Severance agreements must comply with certain government requirements.
For departing employees 40 years of age or older, severance agreements must conform to the rules established under the Age Discrimination in Employment Act, among others.
EEOC language rules
A severance agreement compensates a departing employee in return for adhering to certain limitations imposed by his or her former employer. The main reason for a company to offer this kind of agreement is to ensure there will be no breach of company confidentiality or to avoid potential litigation. For a severance agreement to be enforceable, the EEOC requires specific language that cannot be “overly broad and misleading.” A court will strike down an agreement that is not well drafted.
Under the Age Discrimination in Employment Act, severance agreements for departing employees aged 40 or older must adhere to strict rules. In these documents, the language must be crystal clear and easy to understand. The writer must avoid using confusing legal terminology and complex sentences. The content must also contain a reference to the ADEA and a recommendation for the departing employee to seek legal guidance before signing the agreement.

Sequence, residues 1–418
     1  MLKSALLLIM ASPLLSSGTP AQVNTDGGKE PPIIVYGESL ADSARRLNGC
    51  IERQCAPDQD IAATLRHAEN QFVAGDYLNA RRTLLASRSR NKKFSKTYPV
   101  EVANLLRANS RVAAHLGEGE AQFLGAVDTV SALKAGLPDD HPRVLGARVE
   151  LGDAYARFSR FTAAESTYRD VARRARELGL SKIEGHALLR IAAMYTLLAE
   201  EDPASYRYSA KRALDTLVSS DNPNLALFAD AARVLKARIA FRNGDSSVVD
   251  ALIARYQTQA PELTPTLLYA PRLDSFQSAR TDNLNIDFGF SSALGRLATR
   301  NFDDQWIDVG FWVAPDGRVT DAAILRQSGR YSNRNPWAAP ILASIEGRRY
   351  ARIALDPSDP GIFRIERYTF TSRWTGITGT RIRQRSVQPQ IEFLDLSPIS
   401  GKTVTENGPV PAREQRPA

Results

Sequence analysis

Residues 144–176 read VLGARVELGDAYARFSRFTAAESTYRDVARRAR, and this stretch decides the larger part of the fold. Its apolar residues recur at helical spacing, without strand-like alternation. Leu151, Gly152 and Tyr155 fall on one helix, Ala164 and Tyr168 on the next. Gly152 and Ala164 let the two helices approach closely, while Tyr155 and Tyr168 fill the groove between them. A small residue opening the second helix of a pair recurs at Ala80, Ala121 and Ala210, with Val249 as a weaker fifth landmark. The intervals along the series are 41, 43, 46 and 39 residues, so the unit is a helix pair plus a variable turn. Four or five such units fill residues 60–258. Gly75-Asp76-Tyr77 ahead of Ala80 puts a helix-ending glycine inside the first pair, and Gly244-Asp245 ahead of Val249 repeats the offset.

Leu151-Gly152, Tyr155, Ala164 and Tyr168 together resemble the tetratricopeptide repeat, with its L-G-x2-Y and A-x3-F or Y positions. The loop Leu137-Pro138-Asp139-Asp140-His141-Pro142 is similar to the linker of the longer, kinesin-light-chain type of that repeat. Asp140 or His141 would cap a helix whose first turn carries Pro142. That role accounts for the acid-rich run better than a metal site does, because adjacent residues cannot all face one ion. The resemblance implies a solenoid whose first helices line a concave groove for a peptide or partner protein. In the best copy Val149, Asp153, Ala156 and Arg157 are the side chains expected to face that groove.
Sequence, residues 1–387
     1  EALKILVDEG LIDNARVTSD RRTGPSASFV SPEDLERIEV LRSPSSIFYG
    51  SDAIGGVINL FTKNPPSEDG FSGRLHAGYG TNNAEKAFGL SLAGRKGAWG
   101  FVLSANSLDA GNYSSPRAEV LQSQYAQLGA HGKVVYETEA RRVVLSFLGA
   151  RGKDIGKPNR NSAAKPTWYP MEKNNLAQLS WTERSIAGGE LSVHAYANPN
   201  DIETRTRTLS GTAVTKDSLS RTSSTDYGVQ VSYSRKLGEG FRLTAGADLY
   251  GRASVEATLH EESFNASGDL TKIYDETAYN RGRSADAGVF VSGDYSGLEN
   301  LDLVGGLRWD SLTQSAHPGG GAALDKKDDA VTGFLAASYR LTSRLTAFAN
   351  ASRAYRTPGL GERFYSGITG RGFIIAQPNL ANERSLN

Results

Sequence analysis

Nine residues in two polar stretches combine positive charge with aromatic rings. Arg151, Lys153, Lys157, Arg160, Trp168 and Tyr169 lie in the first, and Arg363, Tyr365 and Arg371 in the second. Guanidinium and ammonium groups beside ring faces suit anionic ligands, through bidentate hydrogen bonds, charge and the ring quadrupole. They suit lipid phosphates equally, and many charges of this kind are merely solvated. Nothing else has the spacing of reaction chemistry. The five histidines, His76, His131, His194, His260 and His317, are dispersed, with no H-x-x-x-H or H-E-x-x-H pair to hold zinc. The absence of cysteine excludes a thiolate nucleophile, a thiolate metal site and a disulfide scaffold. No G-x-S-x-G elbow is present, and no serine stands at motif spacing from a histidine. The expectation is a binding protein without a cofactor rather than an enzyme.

Other federal rules
The severance agreement for older departing employees must also comply with the requirements of the Older Workers Benefit Protection Plan. The OWBP specifies that the employee be given a minimum of 21 days in which to consider the terms. Once signed, the employee must also have a seven-day window during which he or she can revoke the agreement. If the departing employee is a member of a terminated group of people aged 40 and over, the time window extends to 45 days.